Slovakia’s economic growth slowed down during the third quarter of 2016, lagging behind expectations of analysts. They see the high comparison base, decline in construction, production and lower drawing of EU funds behind the development. Yet analysts forecast a high growth rate for the whole year.
“The flash estimate of the GDP growth for the third quarter was a negative surprise,” Boris Fojtík, economic analyst with Tatra Banka wrote in his memo, adding that the market expectation was 3.3 percent.
In the third quarter of 2016, the gross domestic product (GDP) grew at constant prices by 3 percent compared to the same quarter of 2015. Thus falling from the 3.8-percent growth rate recorded during the second quarter of 2016, and increasing at its slowest pace since the fourth quarter of 2014.
After seasonal adjustment, GDP rose by 3.2 percent as compared to the third quarter of 2015 and by 0.7 percent in comparison with the previous quarter. The volume of GDP at current prices in the third quarter of 2016 reached €21.26 billion, representing an increase of 2.4 percent in comparison with the same quarter of 2015, according to the flash estimate of the Slovak Statistics Office published on November 15.
The overall structure of the GDP will be published only on December 6. But based on the development of monthly indicators, Fojtík assumes that the growth was propelled mostly by domestic as well as foreign demand, but it was the external demand that declined when compared with the second quarter. This is reflected also in the growth of industrial production, which grew 2.4 percent y/y during the third quarter compared with 6.4 percent y/y during the second quarter.
“But the main negative feature was the development in construction,” wrote Fojtík, who links its drop of 15.9 percent y/y with the decline in investments.
Andrej Arady, an analyst with VÚB bank, sees behind the slowdown especially the high comparison base from 2015,while analyst Katarína Muchová of Slovenská Sporiteľňa also points to lower drawing of EU funds than during the same period of 2015.
Slovakia’s economy registered the second highest economic growth rate in the eurozone compared with the previous quarter, while only Spain posted a higher rate of 3.2 percent y/y. The eurozone grew 1.6 percent y/y during the third quarter. But Slovakia’s main trading partner, Germany, registered a moderate slowdown, to 0.2 percent q/q, compared with 0.4 percent q/q during the second quarter of 2016. Compared with the third quarter of 2015, the German economy grew by 1.7 percent.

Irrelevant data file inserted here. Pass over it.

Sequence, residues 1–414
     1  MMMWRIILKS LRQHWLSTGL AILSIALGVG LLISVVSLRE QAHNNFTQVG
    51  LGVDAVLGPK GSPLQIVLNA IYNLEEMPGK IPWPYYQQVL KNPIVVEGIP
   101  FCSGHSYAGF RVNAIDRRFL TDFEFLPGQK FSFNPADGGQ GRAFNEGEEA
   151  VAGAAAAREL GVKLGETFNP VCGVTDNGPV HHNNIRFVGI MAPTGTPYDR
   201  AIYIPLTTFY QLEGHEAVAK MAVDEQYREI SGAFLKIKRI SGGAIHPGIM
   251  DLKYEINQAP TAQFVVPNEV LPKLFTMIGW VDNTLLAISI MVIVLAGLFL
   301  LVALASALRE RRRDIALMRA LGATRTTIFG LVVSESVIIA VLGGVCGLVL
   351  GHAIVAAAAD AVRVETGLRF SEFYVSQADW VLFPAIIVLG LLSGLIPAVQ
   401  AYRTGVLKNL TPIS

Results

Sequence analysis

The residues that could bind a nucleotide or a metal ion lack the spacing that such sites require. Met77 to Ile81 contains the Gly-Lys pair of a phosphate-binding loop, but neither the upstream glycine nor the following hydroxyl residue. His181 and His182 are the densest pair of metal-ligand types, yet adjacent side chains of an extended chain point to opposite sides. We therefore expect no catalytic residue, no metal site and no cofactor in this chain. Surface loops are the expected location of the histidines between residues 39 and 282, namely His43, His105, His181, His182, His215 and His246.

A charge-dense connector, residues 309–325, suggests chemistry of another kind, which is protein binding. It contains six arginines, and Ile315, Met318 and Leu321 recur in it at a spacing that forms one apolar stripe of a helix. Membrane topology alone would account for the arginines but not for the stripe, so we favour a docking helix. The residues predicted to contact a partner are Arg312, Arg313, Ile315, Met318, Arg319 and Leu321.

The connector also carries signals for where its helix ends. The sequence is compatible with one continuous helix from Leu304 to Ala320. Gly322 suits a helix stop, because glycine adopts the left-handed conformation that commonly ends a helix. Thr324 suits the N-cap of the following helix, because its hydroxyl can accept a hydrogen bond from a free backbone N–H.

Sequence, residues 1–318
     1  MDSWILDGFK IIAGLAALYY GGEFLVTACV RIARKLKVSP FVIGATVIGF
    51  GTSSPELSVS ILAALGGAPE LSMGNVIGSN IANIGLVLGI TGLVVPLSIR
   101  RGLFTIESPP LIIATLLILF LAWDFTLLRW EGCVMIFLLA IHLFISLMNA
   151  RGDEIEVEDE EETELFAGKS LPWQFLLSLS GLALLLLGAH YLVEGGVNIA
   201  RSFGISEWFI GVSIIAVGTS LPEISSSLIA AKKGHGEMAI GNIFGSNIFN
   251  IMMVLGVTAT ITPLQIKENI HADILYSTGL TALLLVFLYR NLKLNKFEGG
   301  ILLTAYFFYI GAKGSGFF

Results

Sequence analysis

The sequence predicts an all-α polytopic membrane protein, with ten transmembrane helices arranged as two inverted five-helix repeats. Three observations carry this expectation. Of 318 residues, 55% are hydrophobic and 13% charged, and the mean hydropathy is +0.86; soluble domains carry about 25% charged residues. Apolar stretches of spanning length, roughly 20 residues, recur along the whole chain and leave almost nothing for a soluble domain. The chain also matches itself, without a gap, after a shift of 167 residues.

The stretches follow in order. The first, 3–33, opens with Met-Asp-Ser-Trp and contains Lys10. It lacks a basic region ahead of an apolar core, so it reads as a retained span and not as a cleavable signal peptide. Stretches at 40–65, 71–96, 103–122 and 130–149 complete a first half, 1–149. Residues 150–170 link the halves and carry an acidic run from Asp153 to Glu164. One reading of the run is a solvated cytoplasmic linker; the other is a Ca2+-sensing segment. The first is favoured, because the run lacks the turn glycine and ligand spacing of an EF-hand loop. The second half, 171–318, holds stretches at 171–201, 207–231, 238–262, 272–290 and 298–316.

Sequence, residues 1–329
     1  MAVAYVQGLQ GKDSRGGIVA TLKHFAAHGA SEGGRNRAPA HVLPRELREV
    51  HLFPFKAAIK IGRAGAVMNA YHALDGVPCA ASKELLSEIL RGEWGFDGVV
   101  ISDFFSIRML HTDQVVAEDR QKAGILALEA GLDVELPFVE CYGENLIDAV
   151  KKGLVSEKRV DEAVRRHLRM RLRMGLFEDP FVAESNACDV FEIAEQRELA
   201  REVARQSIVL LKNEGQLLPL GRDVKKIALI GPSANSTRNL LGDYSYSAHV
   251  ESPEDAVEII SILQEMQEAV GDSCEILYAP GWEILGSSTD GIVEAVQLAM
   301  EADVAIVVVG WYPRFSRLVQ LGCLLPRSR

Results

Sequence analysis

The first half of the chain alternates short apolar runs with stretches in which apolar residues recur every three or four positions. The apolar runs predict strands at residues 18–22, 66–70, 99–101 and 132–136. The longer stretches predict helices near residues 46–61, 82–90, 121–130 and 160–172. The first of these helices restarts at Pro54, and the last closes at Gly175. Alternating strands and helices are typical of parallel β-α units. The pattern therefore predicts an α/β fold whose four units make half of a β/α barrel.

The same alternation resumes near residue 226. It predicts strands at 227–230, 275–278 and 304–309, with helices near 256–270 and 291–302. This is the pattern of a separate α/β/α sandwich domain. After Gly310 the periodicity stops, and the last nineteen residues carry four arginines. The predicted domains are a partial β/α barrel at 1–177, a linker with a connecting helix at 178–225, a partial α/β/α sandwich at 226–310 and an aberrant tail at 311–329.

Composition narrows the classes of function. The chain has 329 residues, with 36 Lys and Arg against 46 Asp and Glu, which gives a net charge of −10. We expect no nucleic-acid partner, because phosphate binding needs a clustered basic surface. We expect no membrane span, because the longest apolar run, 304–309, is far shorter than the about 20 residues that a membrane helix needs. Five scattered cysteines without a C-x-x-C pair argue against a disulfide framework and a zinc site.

Employment keeps growing
On the other hand, the strong growth of employment is pleasing news. Employment has been increasing by more than 2 percent y/y over the past several quarters. During the third quarter of 2016 it grew 2.4 percent y/y.
Overall employment increased despite the nearly unchanged number of jobseekers. Fojtík indicates that it may be due to the increased number of foreigners working in Slovakia.
Analysts expect that the growth slowdown will only be temporary and recall that the start of construction of the Bratislava ring road and the brand new plant of the British carmaker Jaguar Land Rover near Nitra might boost growth.
“The start of new investments in combination with positive sentiment in the eurozone and growing domestic demand should bring a moderate increase in GDP growth,” wrote Fojtík.
VÚB expects that Slovakia’s economy will maintain a growth rate above 3 percent throughout 2017-2019.
“So far, development is in line with our estimate for 2016 which we leave at 3.3 percent,” Arady wrote in his memo, adding that the final quarter of 2016 might be a bit better, but last year’s high comparison base, partially inflated by drawing of EU funds, will be more visible.
Slovenská Sporiteľňa also leaves its estimate for the whole year at 3.3 percent.Read also: Read also:
In the meantime, the European Commission forecasts “robust growth” for Slovakia and an improvement in employment. Following the successful year of 2015, growth exceeding 3 percent of GDP is forecast also for 2016 and the following two years, mainly fuelled by household consumption and, to a lesser extent, investments and net exports. The EC released its autumn forecast for the next three years on November 9.
16. Nov 2016 at 15:10 | Jana Liptáková